Uncle Walter, Where Are You?

In the ongoing tribute to the late Walter Cronkite, journalists and historians have credited him with having single-handedly fashioned a series of seemingly unconnected and obscure scandals into the cohesive narrative known as “Watergate.” It is true that back in 1972, while the Washington Post had for some time been printing story after story of crimes and cover-ups, it was the CBS anchor who recognized in these convoluted tales a national epic that needed to be told. And so for two evenings, Uncle Walter took the pieces of a puzzle and put them together—and in a way that the Murphys in his home town of St. Jo could understand, including charts and other graphics, explaining why the story was significant politically, constitutionally. While Barbara Walters may argue that no single journalist should ever have that much power, Cronkite did it because no one else was, at least not on a national level.

Today, almost 40 years later, we have a series of stories or scandals that need that Cronkite touch. An economic crisis, bank bailouts and other corporate welfare, the blockage of health care reform, a Honduran coup, two foreign wars, executive bonuses, global warming, free trade and globalization, Israeli aggression, etc., etc. These may seem like unconnected issues, but the truth is they are as well connected as any Locust Valley debutante.

The bigger narrative is really one of the oldest in human history. Each of these crises, at its most basic, has a common thread running through it: a form of class warfare. Not the kind of warfare in which both sides are equally matched and each goes at the other like two pit bulls in a ring. Instead, the rich have declared war on the poor and are trampling them underfoot with uncommon savagery, not because they must, but because they can.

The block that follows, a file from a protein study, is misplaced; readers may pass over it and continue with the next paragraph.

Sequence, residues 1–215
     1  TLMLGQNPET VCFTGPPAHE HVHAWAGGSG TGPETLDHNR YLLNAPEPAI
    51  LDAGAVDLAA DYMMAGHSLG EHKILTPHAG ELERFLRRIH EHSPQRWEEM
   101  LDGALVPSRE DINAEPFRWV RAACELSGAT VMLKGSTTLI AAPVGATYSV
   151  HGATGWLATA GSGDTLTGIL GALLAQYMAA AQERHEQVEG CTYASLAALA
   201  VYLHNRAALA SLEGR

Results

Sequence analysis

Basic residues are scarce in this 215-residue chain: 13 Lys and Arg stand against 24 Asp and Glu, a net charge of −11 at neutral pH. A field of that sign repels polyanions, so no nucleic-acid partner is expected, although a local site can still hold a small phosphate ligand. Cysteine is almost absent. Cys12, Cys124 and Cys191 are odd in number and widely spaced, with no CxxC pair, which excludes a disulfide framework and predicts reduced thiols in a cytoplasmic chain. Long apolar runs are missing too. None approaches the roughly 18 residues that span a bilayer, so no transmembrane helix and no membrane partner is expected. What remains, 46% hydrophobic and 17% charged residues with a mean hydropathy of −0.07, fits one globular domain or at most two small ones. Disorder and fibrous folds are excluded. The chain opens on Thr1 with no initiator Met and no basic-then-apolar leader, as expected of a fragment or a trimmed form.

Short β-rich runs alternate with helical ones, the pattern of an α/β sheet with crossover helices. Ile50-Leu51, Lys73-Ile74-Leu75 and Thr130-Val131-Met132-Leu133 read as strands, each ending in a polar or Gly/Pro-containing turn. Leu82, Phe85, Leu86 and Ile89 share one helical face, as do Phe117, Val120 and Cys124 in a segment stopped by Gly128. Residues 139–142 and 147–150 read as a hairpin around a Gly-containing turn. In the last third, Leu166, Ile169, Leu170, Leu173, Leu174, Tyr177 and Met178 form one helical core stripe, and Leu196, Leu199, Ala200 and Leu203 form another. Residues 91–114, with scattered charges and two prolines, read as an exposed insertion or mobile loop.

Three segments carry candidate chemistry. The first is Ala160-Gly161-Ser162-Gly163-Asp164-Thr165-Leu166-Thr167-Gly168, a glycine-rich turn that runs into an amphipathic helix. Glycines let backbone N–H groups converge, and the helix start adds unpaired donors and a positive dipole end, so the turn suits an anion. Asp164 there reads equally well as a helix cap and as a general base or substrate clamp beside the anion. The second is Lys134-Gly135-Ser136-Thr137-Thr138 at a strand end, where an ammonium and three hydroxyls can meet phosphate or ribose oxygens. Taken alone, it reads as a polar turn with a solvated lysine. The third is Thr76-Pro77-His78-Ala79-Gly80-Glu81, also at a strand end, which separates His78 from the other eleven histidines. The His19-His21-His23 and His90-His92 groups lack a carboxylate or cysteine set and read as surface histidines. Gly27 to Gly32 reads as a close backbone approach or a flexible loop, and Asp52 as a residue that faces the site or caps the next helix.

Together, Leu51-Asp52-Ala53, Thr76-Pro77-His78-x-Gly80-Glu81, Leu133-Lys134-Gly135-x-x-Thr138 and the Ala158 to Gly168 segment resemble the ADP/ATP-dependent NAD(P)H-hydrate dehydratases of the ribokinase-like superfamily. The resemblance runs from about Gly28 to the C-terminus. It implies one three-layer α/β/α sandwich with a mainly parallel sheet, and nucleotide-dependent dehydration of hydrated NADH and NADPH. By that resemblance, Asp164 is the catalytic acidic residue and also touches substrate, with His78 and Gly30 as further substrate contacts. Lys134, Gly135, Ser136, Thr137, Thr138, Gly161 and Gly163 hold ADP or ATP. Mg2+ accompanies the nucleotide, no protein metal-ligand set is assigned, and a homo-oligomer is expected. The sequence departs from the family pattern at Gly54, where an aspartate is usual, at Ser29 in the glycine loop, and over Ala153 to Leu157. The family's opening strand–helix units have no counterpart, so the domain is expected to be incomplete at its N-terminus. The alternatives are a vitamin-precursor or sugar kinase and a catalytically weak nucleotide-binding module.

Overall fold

Take the war in Afghanistan, the graveyard of empires. For all its seeming justifications, at its core this so-called “war on terror” continues to be waged simply because we do not hear the cries of the poor. We do not hear because we do not want to hear. It is like the homeowner who is awakened in the night by the burglar alarm. So incensed is he at being disturbed from his slumber, he snips the wires to the alarm so that he can get back to sleep, never considering that a burglar may have broken in.

9-11, for all its diabolical cruelty, was a warning to America, a wake-up call. And did we take heed? Don’t be silly. The Muslim world is crying out for us to stop our oppression and our support for oppressors, to quit our global bullying, to get us off their backs once and for all. But we’re so arrogant, so obsessed with vengeance and power, we cannot hear that cry. After all, it’s the terrorists who need to stop, not us. Aren’t we the good guys?